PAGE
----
Hernandez also tracks marketing dollars spent on social media. In his experience, social media has been great for mass tort cases, so he puts more effort there than with single case events like car accidents. Without the ability to track this all in case management, he wouldn’t be on top of the numbers.

Because the business runs on word of mouth, database marketing is a top priority for Hernandez. He recommends firms spend a “tremendous amount of time with database marketing” which can be done directly from case management software like Neos, where contacts and mail lists are stored. He says this is the best money spent because these are people who know and like you and your firm’s services. With television, you’re marketing to people who don’t know you at all.

4. Find efficiency in every corner

One of the keys to success for Hernandez is to look for continuous improvements and manage them immediately. In addition to using case management to streamline cases, track marketing spend, and enhance communications, Hernandez uses Neos to track process and staff efficiency.

Hernandez mentioned that a while back he noticed staff members on the phone with the same hospital systems and insurance providers checking for balances. One day it clicked that too much time was being wasted on hold with these providers and worse yet, double work was being performed that could be consolidated.

“You have a ton of clients who went to that same provider, many others who went to the ER doctor, or even the same group,” explains Hernandez. “We used our software to create a report that allowed us to conduct balances not per client, but per provider. When that individual staff member has a stack of files he or she does balances on, instead of one at a time, they go, ‘hey, I’m calling on Client A and B and C.’ As you continue to do that, the efficiency in where now when they go to the next file half the balances are already done.”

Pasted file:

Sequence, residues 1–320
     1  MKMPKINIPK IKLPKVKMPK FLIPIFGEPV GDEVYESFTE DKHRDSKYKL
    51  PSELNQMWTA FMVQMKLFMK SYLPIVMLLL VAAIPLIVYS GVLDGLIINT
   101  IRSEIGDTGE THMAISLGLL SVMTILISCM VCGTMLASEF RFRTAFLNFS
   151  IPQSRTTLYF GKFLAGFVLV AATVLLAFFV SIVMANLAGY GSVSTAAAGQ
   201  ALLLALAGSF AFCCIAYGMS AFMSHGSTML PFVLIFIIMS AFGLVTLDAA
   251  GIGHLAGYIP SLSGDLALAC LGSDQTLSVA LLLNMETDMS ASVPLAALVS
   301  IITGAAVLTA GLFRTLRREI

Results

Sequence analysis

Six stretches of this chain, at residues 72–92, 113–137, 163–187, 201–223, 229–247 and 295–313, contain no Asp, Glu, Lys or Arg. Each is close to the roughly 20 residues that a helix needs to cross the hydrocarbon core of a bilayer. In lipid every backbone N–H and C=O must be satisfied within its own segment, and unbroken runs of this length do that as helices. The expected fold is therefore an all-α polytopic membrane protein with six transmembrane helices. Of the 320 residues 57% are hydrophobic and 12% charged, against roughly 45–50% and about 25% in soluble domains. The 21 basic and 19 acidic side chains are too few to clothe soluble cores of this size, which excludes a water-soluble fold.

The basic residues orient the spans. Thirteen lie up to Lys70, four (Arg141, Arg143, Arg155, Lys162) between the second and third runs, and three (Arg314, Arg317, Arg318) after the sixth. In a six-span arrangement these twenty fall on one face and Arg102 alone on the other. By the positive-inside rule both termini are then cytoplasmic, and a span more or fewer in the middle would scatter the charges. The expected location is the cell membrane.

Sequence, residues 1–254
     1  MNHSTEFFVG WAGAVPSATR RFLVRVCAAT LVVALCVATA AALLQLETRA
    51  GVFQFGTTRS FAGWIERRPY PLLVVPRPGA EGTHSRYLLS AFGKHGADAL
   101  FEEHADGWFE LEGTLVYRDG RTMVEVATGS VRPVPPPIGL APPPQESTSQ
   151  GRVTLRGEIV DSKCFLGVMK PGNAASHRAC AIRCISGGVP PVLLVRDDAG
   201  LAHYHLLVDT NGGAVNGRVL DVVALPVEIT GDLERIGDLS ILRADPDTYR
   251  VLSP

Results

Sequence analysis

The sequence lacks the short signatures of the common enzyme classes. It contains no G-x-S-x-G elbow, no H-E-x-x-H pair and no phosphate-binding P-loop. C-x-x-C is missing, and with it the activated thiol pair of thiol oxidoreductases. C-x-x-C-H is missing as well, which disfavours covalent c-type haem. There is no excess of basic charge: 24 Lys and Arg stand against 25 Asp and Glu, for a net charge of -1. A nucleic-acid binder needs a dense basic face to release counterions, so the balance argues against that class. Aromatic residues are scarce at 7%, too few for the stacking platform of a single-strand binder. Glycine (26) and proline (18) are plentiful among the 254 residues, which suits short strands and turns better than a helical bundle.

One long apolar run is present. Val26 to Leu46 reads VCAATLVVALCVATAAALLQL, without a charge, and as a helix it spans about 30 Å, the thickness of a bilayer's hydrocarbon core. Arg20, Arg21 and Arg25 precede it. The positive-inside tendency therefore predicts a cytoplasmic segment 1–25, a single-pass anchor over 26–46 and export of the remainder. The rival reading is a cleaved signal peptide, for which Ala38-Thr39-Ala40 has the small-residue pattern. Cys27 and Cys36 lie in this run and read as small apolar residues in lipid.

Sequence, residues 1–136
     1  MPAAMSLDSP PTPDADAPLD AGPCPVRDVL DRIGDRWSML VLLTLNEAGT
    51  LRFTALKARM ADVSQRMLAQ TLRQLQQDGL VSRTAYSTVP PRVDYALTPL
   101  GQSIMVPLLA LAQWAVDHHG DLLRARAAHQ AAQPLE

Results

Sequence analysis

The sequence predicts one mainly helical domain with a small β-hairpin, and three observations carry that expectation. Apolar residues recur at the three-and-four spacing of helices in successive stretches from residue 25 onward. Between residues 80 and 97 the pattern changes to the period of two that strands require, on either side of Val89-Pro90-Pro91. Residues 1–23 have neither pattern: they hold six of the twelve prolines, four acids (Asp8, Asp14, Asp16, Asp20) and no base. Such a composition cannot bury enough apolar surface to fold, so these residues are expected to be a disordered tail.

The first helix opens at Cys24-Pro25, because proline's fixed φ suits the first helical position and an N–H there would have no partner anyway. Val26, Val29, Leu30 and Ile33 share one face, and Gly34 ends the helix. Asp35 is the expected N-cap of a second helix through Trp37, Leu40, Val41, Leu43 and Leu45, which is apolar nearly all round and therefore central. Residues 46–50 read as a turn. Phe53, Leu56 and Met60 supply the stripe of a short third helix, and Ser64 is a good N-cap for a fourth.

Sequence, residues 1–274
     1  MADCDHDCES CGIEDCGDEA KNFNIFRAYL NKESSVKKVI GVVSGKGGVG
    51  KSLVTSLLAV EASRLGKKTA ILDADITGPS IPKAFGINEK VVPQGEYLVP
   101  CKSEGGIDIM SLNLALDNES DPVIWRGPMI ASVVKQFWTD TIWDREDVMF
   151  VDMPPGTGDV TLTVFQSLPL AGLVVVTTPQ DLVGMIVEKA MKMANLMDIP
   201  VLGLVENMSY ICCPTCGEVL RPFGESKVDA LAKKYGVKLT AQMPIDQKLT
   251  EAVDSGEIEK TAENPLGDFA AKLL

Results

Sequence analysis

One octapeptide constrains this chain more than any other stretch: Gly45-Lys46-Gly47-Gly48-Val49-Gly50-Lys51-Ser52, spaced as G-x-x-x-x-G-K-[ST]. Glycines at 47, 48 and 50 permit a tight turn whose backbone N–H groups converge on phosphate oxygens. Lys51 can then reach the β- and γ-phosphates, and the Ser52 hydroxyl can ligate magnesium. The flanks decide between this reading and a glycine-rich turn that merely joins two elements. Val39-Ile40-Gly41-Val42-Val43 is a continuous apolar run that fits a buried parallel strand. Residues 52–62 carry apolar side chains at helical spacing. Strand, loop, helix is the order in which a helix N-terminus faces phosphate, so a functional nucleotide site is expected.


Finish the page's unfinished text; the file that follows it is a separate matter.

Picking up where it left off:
Hernandez doesn’t need as many paralegals as some other firms because of these efficiencies. He’d rather spend paralegal salary on building client communications than data entry work.

Taking a metrics-driven approach and using Neos, Hernandez has been able to thrive, finding efficiency in every area of the business and being able to pivot when circumstances change.

These are just four of many tips Hernandez offers. To watch the full video on demand and gain more of Paul Hernandez’s wisdom, sign up here. If your firm would like to discuss how Neos case management software can help you be more efficient, contact us today.